Small Stories and the Festival of Physics

Small Stories has been the longest project for me in 2017. Working for the Institute of Physics to create and deliver stories and workshops for under 5’s and their grownups around science concepts.

Creating work for this age group is brilliant and the project has allowed me to trial ideas – toddlers simply walk off if they are bored, you get some pretty direct feedback. Working with multiple groups from young parents, dad-focused groups and parent-run organisations and art groups across Edinburgh, Easterhouse and Fife I have learned a lot and developed my ideas.

As the project trial I wrote four stories and accompanying workshops:

The Falling Down Question – Bella wants to know why acorns fall and sycamore seeds whirl through the air. Inspired by a squirrel and with the help of her friends (that’s you!) she explores gravity and tests paper helicopters.

Ali Noise Maker – Ali’s house is a noisy house, there are lots of sounds around. But Ali doesn’t like loud noises, besides, he doesn’t even know what sound is or how it reaches our ears. An exploration of sounds and vibrations.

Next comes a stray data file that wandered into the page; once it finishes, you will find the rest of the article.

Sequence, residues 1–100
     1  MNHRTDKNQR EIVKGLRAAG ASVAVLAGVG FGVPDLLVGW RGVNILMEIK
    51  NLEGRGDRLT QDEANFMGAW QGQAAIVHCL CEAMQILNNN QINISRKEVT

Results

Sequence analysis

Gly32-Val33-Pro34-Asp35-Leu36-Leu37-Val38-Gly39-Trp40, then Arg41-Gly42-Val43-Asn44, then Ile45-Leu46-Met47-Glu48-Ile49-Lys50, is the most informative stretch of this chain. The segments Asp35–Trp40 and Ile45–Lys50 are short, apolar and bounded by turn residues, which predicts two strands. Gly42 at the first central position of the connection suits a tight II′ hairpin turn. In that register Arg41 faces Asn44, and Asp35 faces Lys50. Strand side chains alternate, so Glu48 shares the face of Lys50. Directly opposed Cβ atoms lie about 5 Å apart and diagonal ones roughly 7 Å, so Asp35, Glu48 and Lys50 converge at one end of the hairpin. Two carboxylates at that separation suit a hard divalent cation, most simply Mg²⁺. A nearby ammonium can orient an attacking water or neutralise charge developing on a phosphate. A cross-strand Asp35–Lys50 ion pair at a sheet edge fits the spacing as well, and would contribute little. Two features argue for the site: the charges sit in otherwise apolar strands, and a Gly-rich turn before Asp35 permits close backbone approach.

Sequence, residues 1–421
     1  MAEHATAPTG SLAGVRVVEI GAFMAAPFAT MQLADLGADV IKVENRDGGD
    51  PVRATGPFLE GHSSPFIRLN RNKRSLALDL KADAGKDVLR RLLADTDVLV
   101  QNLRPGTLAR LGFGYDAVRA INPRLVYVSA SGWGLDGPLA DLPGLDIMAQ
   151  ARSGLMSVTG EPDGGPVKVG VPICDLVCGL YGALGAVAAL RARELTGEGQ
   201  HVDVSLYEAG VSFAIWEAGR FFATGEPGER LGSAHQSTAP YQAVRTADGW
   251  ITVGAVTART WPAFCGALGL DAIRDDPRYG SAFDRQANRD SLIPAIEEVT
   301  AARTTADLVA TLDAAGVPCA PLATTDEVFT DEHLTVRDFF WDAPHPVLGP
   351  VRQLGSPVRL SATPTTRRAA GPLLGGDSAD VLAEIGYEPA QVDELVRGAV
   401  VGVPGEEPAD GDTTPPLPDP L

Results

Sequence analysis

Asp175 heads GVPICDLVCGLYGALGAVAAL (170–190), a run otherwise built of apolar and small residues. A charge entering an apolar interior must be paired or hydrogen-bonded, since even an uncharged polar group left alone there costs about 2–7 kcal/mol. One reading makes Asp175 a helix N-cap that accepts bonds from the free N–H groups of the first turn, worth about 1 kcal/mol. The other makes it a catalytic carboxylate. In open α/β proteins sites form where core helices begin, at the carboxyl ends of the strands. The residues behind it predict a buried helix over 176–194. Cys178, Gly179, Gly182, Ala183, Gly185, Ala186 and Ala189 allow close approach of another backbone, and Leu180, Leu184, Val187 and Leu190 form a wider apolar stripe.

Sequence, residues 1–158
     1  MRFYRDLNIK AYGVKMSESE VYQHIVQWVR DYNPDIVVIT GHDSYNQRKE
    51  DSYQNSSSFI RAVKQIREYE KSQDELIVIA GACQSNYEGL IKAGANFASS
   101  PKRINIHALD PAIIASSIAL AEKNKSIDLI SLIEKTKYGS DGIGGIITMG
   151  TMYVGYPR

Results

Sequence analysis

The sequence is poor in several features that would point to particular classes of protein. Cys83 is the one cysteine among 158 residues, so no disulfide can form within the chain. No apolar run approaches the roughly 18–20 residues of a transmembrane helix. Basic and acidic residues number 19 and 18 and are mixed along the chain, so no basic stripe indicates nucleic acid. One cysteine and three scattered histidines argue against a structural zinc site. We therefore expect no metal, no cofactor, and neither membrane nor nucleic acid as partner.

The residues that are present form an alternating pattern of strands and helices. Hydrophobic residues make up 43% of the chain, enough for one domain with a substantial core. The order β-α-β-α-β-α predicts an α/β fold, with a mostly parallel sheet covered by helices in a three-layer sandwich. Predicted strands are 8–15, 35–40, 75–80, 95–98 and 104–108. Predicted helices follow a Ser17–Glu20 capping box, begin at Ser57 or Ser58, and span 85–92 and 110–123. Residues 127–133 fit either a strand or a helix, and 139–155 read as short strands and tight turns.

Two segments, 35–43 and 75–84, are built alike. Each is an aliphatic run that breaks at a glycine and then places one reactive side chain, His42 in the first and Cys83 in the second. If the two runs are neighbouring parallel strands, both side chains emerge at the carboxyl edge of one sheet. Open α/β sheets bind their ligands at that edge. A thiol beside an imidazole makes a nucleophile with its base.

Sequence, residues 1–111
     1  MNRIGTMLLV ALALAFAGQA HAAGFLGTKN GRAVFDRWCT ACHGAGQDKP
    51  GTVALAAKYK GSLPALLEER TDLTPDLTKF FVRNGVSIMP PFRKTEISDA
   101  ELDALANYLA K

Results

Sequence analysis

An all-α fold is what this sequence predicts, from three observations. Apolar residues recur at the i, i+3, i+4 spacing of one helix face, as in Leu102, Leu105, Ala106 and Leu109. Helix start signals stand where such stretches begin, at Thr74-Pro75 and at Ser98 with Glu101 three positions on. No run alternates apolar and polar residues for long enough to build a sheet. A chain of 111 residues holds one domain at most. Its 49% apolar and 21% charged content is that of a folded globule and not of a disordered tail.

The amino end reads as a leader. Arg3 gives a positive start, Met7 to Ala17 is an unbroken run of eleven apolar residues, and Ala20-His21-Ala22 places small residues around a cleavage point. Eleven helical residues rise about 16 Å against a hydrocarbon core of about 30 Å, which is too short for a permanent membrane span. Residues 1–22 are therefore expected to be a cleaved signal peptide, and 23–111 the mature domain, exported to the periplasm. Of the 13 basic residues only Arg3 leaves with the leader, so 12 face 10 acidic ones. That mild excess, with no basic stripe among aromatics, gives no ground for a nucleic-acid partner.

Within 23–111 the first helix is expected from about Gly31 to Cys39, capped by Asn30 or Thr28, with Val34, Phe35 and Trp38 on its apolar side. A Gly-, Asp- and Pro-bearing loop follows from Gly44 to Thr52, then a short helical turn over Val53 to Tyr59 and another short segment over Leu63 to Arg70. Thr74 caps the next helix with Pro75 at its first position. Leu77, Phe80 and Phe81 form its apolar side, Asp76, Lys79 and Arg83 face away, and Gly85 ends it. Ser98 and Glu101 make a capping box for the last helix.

Three Little Ducks and the Great Bath Experiment – The Three Little Ducks have a very sensible bath routine and one Great Splashy Visitor who plays with them. Until one day the toys that float meet toys who sink…can this exploration of buoyancy end well?

The Day the Sun didn’t come to breakfast – Callum is a colour-catcher and spends his days finding new colours for his collection. But when the sun doesn’t come up one morning he realises how important light is in colour, will the sun ever come back?

Over the past few months I have enjoyed exploring these stories many groups who have invited me in to their weekly lives. I am very excited to announce that Small Stories will be available to the public as well on the 4th and 5th of November as part of the first ever Festival of Physics taking place in Edinburgh.

This weekend only I am handing over to the delightful Beth Godfrey who will be telling these stories and experimenting with 2-5 year olds. There is something quite exciting about handing over a project to another artist, even for a little while. Small Stories has potential to reach a huge audience and inviting another storyteller to help deliver the sessions is a brilliant sign of growth.